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Author Topic: Poppingham - a Table-Top Railway in British 'N' Gauge  (Read 80470 times)

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Offline weave

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Re: Poppingham - a Table-Top Railway in British 'N' Gauge
« Reply #1830 on: September 02, 2019, 01:32:37 PM »
Hi John,

That is a difficult one. I like them both. To me the white windows make them look more seasidy (if that's a word) so maybe the coloured windows for your village (which I don't think is by the sea).

However and sorry to put a spanner in the works but I'm not sure about the blue windows but like the green so maybe have the green door ones green and the blue door ones white.

Sorry again. Please don't hate me.

Cheers weave  :beers:

Offline port perran

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Re: Poppingham - a Table-Top Railway in British 'N' Gauge
« Reply #1831 on: September 02, 2019, 02:04:35 PM »
Hi John

Iím sticking with white.
Sorry but for me, the coloured windows look wrong.
Just my five Ďpenneth.

Martin
If it looks right then it most probably is right.


Offline PeteW

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Re: Poppingham - a Table-Top Railway in British 'N' Gauge
« Reply #1832 on: September 02, 2019, 04:22:56 PM »
Not much in it, but I'll join Martin in voting for the white.

Offline keithbythe sea

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Re: Poppingham - a Table-Top Railway in British 'N' Gauge
« Reply #1833 on: September 02, 2019, 05:24:15 PM »
All white by me. (Sorry)  :-[

Offline Train Waiting

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Re: Poppingham - a Table-Top Railway in British 'N' Gauge
« Reply #1834 on: September 02, 2019, 09:33:33 PM »
If In Doubt... Ask!

Hello Chums

Thank you very much indeed for all your help with regard to the best colour for the windows of the little cottage.

I have been observing the model in a variety of lighting condition this afternoon and evening.

My idea to try painting the windows matching the doors was based on two thoughts:

Firstly, white window frames were more common post-War than pre-War.  But I have plenty of evidence of both approaches from a 'bargain book' I picked up some years ago which contains an interesting collection of colour photographs of Great Britain taken by US servicemen during the War.  Therefore, both approaches are prototypical, although prototype fidelity is not at the top of Poppingham's priorities.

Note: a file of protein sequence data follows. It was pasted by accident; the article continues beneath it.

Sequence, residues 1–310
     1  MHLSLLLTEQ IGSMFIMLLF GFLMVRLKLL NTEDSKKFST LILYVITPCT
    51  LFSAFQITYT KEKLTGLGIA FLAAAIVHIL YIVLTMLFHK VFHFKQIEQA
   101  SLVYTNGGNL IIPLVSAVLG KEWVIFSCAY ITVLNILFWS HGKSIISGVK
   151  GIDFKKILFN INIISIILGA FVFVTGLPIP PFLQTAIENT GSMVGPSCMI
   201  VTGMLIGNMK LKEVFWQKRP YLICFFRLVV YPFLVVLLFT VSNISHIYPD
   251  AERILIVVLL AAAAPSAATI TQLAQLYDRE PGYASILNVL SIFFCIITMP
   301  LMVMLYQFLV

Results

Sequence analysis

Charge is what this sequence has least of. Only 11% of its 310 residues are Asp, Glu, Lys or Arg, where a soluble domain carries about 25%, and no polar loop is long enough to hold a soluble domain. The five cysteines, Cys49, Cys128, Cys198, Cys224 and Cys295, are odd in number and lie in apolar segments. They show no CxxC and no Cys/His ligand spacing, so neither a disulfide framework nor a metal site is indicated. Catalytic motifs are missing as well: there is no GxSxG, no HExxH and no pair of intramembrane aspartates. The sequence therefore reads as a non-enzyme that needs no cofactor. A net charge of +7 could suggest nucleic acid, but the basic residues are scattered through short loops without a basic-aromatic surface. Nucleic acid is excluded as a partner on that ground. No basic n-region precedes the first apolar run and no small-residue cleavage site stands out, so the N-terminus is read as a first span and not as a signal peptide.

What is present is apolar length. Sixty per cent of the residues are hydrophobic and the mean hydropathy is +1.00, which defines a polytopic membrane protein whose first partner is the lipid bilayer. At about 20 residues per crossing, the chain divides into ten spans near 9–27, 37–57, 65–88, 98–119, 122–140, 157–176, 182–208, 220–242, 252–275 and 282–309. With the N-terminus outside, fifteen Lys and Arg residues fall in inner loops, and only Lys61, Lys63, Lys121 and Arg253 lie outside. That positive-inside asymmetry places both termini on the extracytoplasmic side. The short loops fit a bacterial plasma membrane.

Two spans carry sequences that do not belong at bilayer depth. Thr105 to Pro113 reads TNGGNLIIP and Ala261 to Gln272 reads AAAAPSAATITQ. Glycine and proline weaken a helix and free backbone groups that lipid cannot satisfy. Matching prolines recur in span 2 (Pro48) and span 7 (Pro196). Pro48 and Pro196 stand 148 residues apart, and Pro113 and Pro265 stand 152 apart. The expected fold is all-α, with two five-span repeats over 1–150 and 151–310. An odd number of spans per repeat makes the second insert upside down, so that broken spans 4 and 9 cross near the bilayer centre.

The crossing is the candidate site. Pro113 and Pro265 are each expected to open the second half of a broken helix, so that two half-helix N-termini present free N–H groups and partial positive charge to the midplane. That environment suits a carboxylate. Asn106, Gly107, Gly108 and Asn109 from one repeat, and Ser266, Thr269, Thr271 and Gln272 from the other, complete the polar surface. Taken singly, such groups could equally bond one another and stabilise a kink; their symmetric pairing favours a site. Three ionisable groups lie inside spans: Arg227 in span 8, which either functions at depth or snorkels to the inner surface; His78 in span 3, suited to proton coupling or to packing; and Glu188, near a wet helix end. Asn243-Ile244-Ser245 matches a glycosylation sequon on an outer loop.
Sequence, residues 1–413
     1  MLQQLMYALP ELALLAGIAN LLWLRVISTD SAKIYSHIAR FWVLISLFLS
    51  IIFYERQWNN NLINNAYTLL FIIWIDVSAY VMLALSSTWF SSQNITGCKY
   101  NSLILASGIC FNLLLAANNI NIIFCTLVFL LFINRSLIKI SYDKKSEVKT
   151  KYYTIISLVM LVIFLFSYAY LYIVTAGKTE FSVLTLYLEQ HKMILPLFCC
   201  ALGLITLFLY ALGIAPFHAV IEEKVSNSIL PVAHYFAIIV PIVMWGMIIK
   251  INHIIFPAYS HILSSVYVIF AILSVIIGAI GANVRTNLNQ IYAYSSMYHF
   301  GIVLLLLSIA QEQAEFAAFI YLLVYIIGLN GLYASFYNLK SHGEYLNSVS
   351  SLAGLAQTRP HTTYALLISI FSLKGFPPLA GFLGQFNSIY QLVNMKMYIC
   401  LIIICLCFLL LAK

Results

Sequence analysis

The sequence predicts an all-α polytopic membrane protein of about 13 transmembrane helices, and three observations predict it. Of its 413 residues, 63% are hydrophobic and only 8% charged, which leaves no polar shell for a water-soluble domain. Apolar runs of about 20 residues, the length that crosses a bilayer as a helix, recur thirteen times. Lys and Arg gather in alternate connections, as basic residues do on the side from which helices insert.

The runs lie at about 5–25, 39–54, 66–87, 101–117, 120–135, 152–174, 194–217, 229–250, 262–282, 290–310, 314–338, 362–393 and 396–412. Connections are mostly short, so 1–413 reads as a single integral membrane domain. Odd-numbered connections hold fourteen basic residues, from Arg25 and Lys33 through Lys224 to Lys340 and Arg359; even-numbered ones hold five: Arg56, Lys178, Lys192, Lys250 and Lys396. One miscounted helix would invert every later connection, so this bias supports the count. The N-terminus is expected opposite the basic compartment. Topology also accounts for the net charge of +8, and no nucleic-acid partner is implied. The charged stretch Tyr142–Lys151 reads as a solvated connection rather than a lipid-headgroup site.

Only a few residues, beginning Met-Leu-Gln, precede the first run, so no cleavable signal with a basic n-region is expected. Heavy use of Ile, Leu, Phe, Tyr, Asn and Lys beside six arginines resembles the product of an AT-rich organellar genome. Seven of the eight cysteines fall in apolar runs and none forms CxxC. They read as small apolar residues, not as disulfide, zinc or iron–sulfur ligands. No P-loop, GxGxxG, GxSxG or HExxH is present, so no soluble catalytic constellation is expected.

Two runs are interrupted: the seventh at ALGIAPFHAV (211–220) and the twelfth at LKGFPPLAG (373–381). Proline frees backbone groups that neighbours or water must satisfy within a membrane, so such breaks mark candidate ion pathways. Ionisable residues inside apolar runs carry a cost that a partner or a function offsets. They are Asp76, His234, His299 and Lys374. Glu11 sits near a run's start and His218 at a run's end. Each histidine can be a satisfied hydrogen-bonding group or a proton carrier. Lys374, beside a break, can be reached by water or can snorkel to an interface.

Secondly, I wondered if the additional colour would make the building more vivid.  I think the opposite is the case; the white windows appear to 'pop' the colour of the doors.  I agree with Chris in that the pink/green combination works better than the yellow/violet.  Probably because the green is a bit brighter.  In which case, white ought to be best.

It is noticeable that the pictures of coloured buildings so kindly posted by Forum Friends a few pages back all feature white windows.

Decision made!



'D16/3' 'Super Claud' 4-4-0 No 8828 gets an up passenger train away from its Poppingham stop.

Thanks again for all your ever-so-helpful comments.

With best wishes.

Toodle-oo.

John
'Why does the Disney Castle work so well?  Because it borrows from reality without ever slipping into it.'

(Acknowledgement: John Goodall Esq, Architectural Editor, 'Country Life'.)

The Table-Top Railway is an attempt to create, in British 'N' gauge,  a 'semi-scenic' railway in the old-fashioned style, reminiscent of the layouts of the 1920s to the 1950s.

Offline Black Sheep

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Re: Poppingham - a Table-Top Railway in British 'N' Gauge
« Reply #1835 on: September 03, 2019, 09:05:49 PM »
When is Poppingham?

White paint for window frames is, I'm told, a product of the tinned paint coming in in the late 50's / early 60's prior to which it was mixed from zinc, linseed oil and a few other components that are probably now banned!

However, since Poppingham is an architect's vision of the perfect railway town / village, then they may well have decreed that the local painters and decorators purchase in bulk from a suitable supplier.

Offline Train Waiting

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Re: Poppingham - a Table-Top Railway in British 'N' Gauge
« Reply #1836 on: September 05, 2019, 09:58:39 AM »
When is Poppingham?

White paint for window frames is, I'm told, a product of the tinned paint coming in in the late 50's / early 60's prior to which it was mixed from zinc, linseed oil and a few other components that are probably now banned!

However, since Poppingham is an architect's vision of the perfect railway town / village, then they may well have decreed that the local painters and decorators purchase in bulk from a suitable supplier.

Thank you very much indeed for this.  It is very helpful.

My understanding is the same: improved paint technology and the clean air legislation caused a major increase in white-painted exterior features from the late 'fifties on.

Many thanks for asking about the time period for Poppingham.

This ends on Hogmanay, 1938.  I don't really have a beginning as I have a couple of locomotives in pre-Grouping livery and should certainly like more.  I suppose it is unlikely that I could go back as far as the mid-Victorian period.  Therefore, the earliest date would likely be around 1890.  The biggest change over this time period is probably motor vehicles and ladies' fashion.


LMS '7F' 0-8-0 No. 9524 with a down freight train has just passed Poppingham station.

Thanks again and all best wishes.

John
« Last Edit: September 05, 2019, 11:55:27 AM by Train Waiting, Reason: Correction »
'Why does the Disney Castle work so well?  Because it borrows from reality without ever slipping into it.'

(Acknowledgement: John Goodall Esq, Architectural Editor, 'Country Life'.)